Finland is a fisherman’s dream destination. There are thousands of lakes, hundreds of rivers and thousands of kilometers of Baltic Sea’s shores – not to mention all the islands. Fishing is allowed almost everywhere – for tourists, too.
So is it any wonder that Finland with a population of 5.5 million has as many as 1.5 million recreational fishermen? Many go fishing only at the summer cottage, while others spend all their free time (and money) on fishing trips. Some fishermen are not interested in wilderness trips at all, as there are many urban fishing destinations in Finnish cities.
This article introduces Finland’s most common fish species and explains what permits and tools are needed to catch them. At the end of the text you can find the best fishing destinations in Finland – places where tourists, too, can fish on their own or join a professionally guided fishing trip.
Which fish species are caught in Finland?
Perch is the national fish of Finland and a very common catch around the country. Perch can be caught with almost any gear and bait. Children can catch small perch easily with a simple rod and hook with a worm bait, but the most effective way to catch a larger perch weighing several hundred grams is to jig off a boat or shore with a rubber worm. Perch are allowed to fish all year round and have no minimum length.
Pike is the largest predator in Finland. It can grow up to 15 kilograms, but the usual catch is a 1-3 kilogram pike, which is also the best size for eating. Pike can be caught all year round, especially in summer, but the best times to catch large pike are spring (March-April) and autumn (October-November). Good lures for pike are jerkbaits, suspensive lures and large wobblers. There is no minimum or maximum length for pike, but a responsible angler releases very large pikes (over 90 cm) to continue their family.
Zander (a.k.a. pike-perch) is an excellent fish to eat, and therefore quite common on a restaurant menu. The best time to fish for zander is summer. In May and June the best method of fishing is jigging. In August, when the water has warmed up, zander is caught by trolling near the surface at a very slow speed. The minimum length of zander is 42 cm, but many fishing areas have a larger limit of 45 cm.
Salmon is a fisherman’s dream catch, and in Finland that dream is accessible to anyone: Lapland has excellent salmon rivers whose fishing permits are reasonably priced. Salmon are caught from the riverbank with a fly or by trolling from a rowing boat. Baltic salmon can grow up to a 30-kilogram giant, so a 10-kilo salmon is by no means an impossible catch! The best salmon river in Lapland is Tornionjoki, where the minimum length of salmon is 50 cm. The fishing season runs from the beginning of June to the end of August.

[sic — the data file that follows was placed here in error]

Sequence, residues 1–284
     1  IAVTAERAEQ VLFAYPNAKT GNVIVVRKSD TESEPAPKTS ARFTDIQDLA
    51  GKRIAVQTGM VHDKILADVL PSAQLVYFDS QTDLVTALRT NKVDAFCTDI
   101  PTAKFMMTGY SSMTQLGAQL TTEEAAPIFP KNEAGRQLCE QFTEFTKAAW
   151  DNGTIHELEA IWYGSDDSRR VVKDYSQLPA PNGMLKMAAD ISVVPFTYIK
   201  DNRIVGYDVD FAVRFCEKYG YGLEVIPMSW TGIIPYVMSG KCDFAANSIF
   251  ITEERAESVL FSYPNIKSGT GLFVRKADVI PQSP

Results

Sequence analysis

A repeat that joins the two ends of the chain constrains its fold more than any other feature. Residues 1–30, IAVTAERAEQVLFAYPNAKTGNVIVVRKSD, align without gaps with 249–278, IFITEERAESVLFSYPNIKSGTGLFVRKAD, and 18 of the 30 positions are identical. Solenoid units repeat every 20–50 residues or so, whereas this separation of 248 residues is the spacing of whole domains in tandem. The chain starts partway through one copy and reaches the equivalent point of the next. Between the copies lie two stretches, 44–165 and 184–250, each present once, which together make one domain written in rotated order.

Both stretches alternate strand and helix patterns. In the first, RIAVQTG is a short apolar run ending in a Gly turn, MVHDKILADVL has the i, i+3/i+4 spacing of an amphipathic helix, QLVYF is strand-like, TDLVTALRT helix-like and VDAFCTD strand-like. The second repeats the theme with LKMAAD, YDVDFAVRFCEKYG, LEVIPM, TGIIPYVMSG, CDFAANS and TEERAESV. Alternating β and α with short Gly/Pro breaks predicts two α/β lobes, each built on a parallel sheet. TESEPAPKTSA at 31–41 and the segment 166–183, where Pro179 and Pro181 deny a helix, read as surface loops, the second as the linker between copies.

Brown trout is a strong fighter at the end of the line and a very tasty catch – but unfortunately quite rare in Finland. Planted trout (which can be identified from the adipose fin that’s cut off) can be caught, for example, in the rapids of small rivers in eastern and northern Finland (limit 50-60 cm, depending on the location), but naturally born trout are endangered and therefore protected. Killing wild trout can result in a fine of several hundred euros. Brown trout are protected in rivers and streams during the spawning season in September-November.
Rainbow trout is not an original species in Finland, but it has been planted in many rivers where endangered brown trout have disappeared. Rainbow trout cannot reproduce in Finland, so every rainbow trout caught can be taken and eaten with a good conscience. Rainbow trout like to strike at colorful flies or small flashy wobblers.
Grayling is a fish from northern waters and thrives in the pools of small rivers. Grayling is a fierce fighter and popular with fly fishermen, but it can also be caught with a spinning rod with a very small lure (red-and-black is the best color combination for tiny spinners). The dorsal fin of the grayling is a magnificent red sail. The minimum length is 30-40 cm, depending on the location. Grayling tastes delicious, for example, when fried on a stick in a campfire.
Arctic char is one of the most beautiful fish in Finland, but catching it is easier said than done. Char lives in the barren lakes of the northernmost highlands of Lapland, and to get there one must hike for hours. For this reason, the most popular way to fish for char is ice fishing: in winter, the highland lakes are easily accessible by snowmobile. There are many ice fishing safaris in Lapland, where the catch is arctic char and grayling.
Fishing permits in Finland
In Finland, anyone can fish with rod and reel if the fishing permits are in order. Profits from fishing licenses are used, among other things, to plant fry.